Re: [DNSOP] I-D Action: draft-ietf-dnsop-aname-00.txt

Andrew Sullivan <> Tue, 18 July 2017 18:02 UTC

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From: Andrew Sullivan <>
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Subject: Re: [DNSOP] I-D Action: draft-ietf-dnsop-aname-00.txt
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On Tue, Jul 18, 2017 at 05:09:00PM +0100, Tony Finch wrote:
> In my view an authoritative server which does online signing and on-demand
> record synthesis is a master server. You can make all your public
> authoritative servers into masters if you like, but it must not be
> required.
> If (like me) you have a more traditional setup then ANAME is an
> instruction to the master server about zone maintenance, saying that it
> needs to periodically update the sibling A and AAAA records, similar to
> periodic re-signing, or as if some script were periodically `nsupdate`ing
> the records. The secondary servers can continue to work the same as they
> do now, but they'll work better if they know about some helpful additional
> section rules for ANAME.

I think I (at least mostly) agree.  One possible way to sort out these
bits of potential confusion is to break the problem up into conceptual
parts, so that one can see the way that they work together.  One part
is, "How do you give this instruction to the master server(s)?"  It
covers representation in the master file format, what a master is
supposed to do on input, how to refresh the data, and so on.  A second
part is, "How do you give this instruction to a slave?".  This covers
transferring zones, the trade-offs in handing the slaves the ANAME vs
the "resolved" records, refresh timers and so on.  DNSSEC
considerations at least are split between these, which suggests to me
that these topics could be covered by one document in two parts; but
these are nevertheless separate and separable functional questions.

A third part has to do with downstream resolvers and caches and so on.
This is really a separate problem: how to handle ANAME-aware vs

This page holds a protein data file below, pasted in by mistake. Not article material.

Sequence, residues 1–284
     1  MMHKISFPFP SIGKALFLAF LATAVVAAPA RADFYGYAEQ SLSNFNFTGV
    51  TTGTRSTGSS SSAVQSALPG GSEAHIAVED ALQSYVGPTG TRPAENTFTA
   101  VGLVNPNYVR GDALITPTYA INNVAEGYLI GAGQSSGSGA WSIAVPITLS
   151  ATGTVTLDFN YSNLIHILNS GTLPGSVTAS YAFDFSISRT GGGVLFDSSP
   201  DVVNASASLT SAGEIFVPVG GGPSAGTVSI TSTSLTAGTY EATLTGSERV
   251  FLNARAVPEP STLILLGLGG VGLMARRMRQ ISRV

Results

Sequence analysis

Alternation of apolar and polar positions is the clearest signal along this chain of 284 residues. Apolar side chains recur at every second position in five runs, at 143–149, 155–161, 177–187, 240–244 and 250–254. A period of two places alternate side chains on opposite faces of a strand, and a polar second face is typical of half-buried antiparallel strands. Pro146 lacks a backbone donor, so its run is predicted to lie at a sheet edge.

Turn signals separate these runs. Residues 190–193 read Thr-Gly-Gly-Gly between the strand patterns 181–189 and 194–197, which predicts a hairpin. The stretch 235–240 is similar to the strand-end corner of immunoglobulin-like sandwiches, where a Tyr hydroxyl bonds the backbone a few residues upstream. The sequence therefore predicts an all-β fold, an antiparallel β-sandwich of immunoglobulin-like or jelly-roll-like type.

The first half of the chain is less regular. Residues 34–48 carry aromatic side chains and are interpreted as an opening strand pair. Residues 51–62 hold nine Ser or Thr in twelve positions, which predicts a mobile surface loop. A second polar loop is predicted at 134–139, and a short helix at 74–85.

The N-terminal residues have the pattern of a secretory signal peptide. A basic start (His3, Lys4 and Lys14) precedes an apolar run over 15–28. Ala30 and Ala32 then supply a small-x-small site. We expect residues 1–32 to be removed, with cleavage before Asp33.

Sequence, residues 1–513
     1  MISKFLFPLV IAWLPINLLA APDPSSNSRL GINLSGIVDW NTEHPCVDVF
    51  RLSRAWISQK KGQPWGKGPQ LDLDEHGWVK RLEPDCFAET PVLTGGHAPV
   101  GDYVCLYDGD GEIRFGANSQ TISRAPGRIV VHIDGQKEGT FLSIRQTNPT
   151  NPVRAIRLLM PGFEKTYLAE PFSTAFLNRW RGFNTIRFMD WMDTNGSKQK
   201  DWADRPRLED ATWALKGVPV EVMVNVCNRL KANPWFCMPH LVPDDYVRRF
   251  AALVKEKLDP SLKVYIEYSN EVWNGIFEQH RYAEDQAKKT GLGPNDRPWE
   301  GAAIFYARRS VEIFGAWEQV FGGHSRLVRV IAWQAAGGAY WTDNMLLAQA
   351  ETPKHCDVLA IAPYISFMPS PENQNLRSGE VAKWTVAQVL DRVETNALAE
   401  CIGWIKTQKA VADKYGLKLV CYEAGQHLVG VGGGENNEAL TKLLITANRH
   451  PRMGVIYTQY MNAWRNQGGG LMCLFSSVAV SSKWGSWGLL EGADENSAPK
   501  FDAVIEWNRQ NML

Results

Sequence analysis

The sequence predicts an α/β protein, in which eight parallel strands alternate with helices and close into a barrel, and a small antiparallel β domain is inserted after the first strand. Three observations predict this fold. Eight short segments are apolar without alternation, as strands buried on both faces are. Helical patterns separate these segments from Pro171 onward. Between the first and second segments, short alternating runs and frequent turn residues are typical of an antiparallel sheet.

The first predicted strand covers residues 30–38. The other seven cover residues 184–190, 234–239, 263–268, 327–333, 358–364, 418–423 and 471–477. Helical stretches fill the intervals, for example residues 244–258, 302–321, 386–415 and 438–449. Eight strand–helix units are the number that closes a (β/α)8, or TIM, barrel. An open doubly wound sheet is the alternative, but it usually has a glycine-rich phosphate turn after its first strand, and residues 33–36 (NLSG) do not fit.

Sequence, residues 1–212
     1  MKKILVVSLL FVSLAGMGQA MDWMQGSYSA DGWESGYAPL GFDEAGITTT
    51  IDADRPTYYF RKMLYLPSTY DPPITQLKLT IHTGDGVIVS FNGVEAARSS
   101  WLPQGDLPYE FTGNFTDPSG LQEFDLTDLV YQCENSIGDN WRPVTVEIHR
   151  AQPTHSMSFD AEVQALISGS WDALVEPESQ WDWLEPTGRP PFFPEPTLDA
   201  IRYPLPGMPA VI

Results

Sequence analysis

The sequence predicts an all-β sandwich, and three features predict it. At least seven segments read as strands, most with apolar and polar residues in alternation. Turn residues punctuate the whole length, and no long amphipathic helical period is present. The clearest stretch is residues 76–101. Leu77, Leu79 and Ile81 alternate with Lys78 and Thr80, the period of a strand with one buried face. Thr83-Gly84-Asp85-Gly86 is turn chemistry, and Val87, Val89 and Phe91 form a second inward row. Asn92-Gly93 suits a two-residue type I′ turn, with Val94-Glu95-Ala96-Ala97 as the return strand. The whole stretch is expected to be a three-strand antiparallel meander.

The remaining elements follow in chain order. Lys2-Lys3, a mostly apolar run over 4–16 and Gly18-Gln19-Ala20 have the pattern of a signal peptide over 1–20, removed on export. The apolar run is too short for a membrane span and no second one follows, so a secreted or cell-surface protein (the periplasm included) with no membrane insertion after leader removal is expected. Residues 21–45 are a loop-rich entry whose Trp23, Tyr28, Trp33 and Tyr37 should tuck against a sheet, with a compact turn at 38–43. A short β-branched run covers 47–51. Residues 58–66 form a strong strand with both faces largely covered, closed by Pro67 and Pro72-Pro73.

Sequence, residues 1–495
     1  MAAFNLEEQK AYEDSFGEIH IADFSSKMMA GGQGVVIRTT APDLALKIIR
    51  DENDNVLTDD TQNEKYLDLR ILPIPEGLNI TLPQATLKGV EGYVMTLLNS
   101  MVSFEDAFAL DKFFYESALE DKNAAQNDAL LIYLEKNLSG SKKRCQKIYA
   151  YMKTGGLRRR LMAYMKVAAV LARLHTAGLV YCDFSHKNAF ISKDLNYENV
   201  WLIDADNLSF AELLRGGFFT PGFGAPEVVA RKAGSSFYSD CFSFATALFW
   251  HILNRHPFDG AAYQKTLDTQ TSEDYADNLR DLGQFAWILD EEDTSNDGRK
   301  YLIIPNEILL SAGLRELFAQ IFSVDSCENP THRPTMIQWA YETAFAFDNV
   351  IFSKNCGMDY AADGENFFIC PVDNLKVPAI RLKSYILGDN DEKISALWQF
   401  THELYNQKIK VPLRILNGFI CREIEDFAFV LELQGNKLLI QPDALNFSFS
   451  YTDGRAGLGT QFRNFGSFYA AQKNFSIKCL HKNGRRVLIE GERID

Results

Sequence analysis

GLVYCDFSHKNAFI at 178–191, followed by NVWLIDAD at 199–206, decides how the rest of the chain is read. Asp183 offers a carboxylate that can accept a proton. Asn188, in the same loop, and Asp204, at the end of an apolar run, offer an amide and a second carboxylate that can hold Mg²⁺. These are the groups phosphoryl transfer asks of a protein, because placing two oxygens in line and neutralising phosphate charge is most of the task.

ANAME-unaware systems, the consequences of an ANAME-unaware cache
ending up with an ANAME in the cache, the effects of having an A and
not AAAA in cache, &c &c.  A fourth part, which might be yet a
separate problem or might be the same document, is what this all looks
like from a stub and what happens when there are chains of forwarders
and caches and so on with a mix of ANAME-awareness and -obliviousness.

I still think that in addition a clear description of why this is hard
would be helpful.  The troublesome thing about Stupid DNS Tricks is
that they're always >80% there, and all the really hard parts are in
that last <20%, and the difficulties in those <20% cases are manifold
and completely unexpected when you think in the abstract cases.  The
people who worked through all the gnarly problems of caches and the
interaction with DNSSEC already went through this once (I came in at
the tail end and mercifully missed most of that), but we're about to
revisit those problems for a different set of questions.  I think we
need to understand why this is more complicated than it looks, and I
think any future implementer will need a clear guide to that also.


Since there's been talk about an interim, it strikes me that the
current issue is the sort of specific topic that deserves one.  But I
also wonder whether this isn't bumping up pretty hard against the
DNSOP charter, and whether this mightn't be a case where we put
together a tightly focussed statement of work that gets chartered as a
WG, with a plan never to meet (or to meet only as "part of" a DNSOP
meeting or something like that), if only to avoid pain and misery when
the documents describing all this go to IETF LC.  I am not interested
even a little bit in making more administrative overhead, but I'm very
much interested in avoiding a "this is off charter" discussion during
IETF LC should we get there.

Best regards,


Andrew Sullivan